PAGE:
The Oscar monologues, part III: Jennifer BouldenFebruary 28, 2014
Jennifer Boulden is a writer, interactive marketing strategist, PR person, and incorrigible Oscar geek.
◦ Gravity – They say it’s a 3-way race between Gravity, 12 Years a Slave, and American Hustle. I’d give it to Slave myself, but Gravity has all the requisite precursor awards and that “Best Picture feeling,” including an underwhelming script. It’s also going to be a much more appealing screener for the Academy members than 12 Years a Slave and has even in the name more gravitas than American Hustle.
Best Actor in a Leading Role
◦ Matthew McConaughey (Dallas Buyers Club) – I’m a McConaughey fan from way back when, but this year he’s on fire like never before, earning respect and accolades at every turn. He’s earned it several times over. Alright, alright, alright.
Best Actress in a Leading Role
◦ Amy Adams (American Hustle) – The smart money says this will go to Cate Blanchett, but I’m thinking we may get an upset here. Adams is the only nominee in this category who has not won an Oscar, and the Academy loves her silly. This is her 5th nomination in 8 years, and I would not be surprised to see her finally win, particularly since Blanchett’s a bit tainted with the Woody Allen controversy. Adams is to my mind the weakest link in American Hustle, but when has that actually stopped someone from winning an Oscar?
Best Actor in a Supporting Role
◦ Jared Leto (Dallas Buyers Club) – Leto’s won more than 30 awards so far this season and I can’t see him stopping before taking home a little golden man. Fantastic performance and the industry loves to award a newly bankable attractive young star.
Best Actress in a Supporting Role
◦ Lupita Nyong’o (12 Years a Slave) – This one’s almost a toss-up between the lovely and amazing Yale Drama alumna Nyong’o, who tore up both the screen and the red carpet this year, and Jennifer Lawrence, who is not only everyone’s BFF and the 2013 Best Actress winner, but is tip-top of the A-List right now. I’m going with Nyong’o because I think they will want to give 12 Years a Slave more than one major award, and Nyongo’s been breathtaking.
Best Animated Feature
◦ Frozen (Chris Buck, Jennifer Lee, Peter Del Vecho) – It’s the hummable mighty-girl charmer of the year, and the industry has more to gain from awarding Disney’s team than from celebrating the legendary Hayao Miyazaki’s last film, The Wind Rises.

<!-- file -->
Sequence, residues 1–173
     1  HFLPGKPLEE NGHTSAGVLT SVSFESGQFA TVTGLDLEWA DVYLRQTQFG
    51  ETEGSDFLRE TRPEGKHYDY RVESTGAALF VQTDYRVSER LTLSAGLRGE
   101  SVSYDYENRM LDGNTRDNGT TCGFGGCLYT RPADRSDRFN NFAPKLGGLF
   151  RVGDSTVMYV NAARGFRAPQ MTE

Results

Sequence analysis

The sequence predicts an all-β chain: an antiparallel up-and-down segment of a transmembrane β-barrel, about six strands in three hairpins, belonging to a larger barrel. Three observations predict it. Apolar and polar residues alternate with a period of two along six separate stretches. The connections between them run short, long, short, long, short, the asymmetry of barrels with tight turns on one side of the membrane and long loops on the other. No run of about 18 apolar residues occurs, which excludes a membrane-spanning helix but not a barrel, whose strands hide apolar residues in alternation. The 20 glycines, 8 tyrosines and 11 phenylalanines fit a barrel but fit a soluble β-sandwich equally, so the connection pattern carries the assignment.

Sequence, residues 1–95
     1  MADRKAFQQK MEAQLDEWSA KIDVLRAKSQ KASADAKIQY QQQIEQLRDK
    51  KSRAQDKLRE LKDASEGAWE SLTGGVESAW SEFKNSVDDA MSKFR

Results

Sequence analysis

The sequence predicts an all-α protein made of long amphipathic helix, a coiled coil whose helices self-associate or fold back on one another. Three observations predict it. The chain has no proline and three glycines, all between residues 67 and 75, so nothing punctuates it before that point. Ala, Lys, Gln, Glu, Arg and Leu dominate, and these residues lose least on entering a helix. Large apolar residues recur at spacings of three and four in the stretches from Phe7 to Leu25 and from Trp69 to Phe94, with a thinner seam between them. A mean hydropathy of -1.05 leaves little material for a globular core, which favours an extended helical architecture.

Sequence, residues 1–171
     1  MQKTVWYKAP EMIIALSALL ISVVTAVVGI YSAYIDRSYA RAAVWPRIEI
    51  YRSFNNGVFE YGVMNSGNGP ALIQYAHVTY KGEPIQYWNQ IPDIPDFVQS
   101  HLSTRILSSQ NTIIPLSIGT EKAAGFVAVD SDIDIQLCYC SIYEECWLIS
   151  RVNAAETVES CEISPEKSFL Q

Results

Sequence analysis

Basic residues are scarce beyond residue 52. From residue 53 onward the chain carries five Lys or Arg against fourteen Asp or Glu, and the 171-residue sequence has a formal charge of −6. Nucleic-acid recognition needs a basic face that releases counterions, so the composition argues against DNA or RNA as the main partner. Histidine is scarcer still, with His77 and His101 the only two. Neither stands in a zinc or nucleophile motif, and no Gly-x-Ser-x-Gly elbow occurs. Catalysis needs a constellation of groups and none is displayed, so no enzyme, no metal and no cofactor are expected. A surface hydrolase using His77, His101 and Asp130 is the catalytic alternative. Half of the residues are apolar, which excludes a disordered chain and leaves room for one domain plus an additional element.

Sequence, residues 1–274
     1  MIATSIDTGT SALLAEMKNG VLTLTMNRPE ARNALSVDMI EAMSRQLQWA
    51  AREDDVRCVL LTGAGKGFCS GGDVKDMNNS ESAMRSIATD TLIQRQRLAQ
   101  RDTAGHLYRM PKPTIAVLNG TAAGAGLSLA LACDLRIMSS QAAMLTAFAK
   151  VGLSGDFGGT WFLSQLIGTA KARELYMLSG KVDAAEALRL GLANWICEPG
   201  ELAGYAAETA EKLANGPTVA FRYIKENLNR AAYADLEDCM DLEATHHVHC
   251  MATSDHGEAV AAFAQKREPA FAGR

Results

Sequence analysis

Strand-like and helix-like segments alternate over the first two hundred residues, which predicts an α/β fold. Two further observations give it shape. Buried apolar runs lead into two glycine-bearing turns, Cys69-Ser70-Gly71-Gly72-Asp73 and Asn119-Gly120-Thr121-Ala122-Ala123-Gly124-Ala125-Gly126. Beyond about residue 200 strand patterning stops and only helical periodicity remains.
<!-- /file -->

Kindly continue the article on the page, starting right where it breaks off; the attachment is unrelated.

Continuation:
◦ Gravity (Emmanuel Lubezki) – Much as I love the criminally overdue Roger Deakins (I’d like to name a child, or at least a cat, after him), there’s no way anyone but Lubezki is winning this. Can you imagine Gravity without those visuals? No. No, you cannot.
◦ Gravity (Alfonso Cuarón) – Cuaron’s a living legend, a 6-time Oscar nominee, who has not previously won, has nearly swept the precursors, and directed the biggest spectacle of the year with groundbreaking special effects in service of an edge-of-your-seat character study that made more than a quarter of a billion dollars. He’ll win.
Best Documentary Feature
◦ The Square (Jehane Noujaim, Karim Amer) – This documentary about Tahrir Square feels the most timely of the nominees, and has the simplest name. This could go to any of them, though, particularly the crowd-pleasing 20 Feet from Stardom or the morally complex and fascinating The Act of Killing.
Best Foreign Language Film
◦ The Great Beauty (Italy) – I want to predict The Broken Circle Breakdown because it’s soundtrack is all Belgian bluegrass, but never bet against a great Italian beauty, especially when it really is one.
Best Visual Effects
◦ Gravity (Tim Webber, Chris Lawrence, Dave Shirk, Neil Corbould) – This team put every one of us in space. Next.
Best Adapted Screenplay
◦ 12 Years a Slave (John Ridley) – Being based on an almost-forgotten memoir of an actual slave helps. So does being riveting writing. I love the other nominees, but I can’t see any but 12 Years taking this one. I’d say the dark horse spoiler would be the likeable Philomena.
Best Original Screenplay
◦ Her (Spike Jonze) – Tough category, but Jonze is a writer’s writer, and the writers love him. Plus, as a headline writer I know says, “Always vote for the candidate with the shortest name.”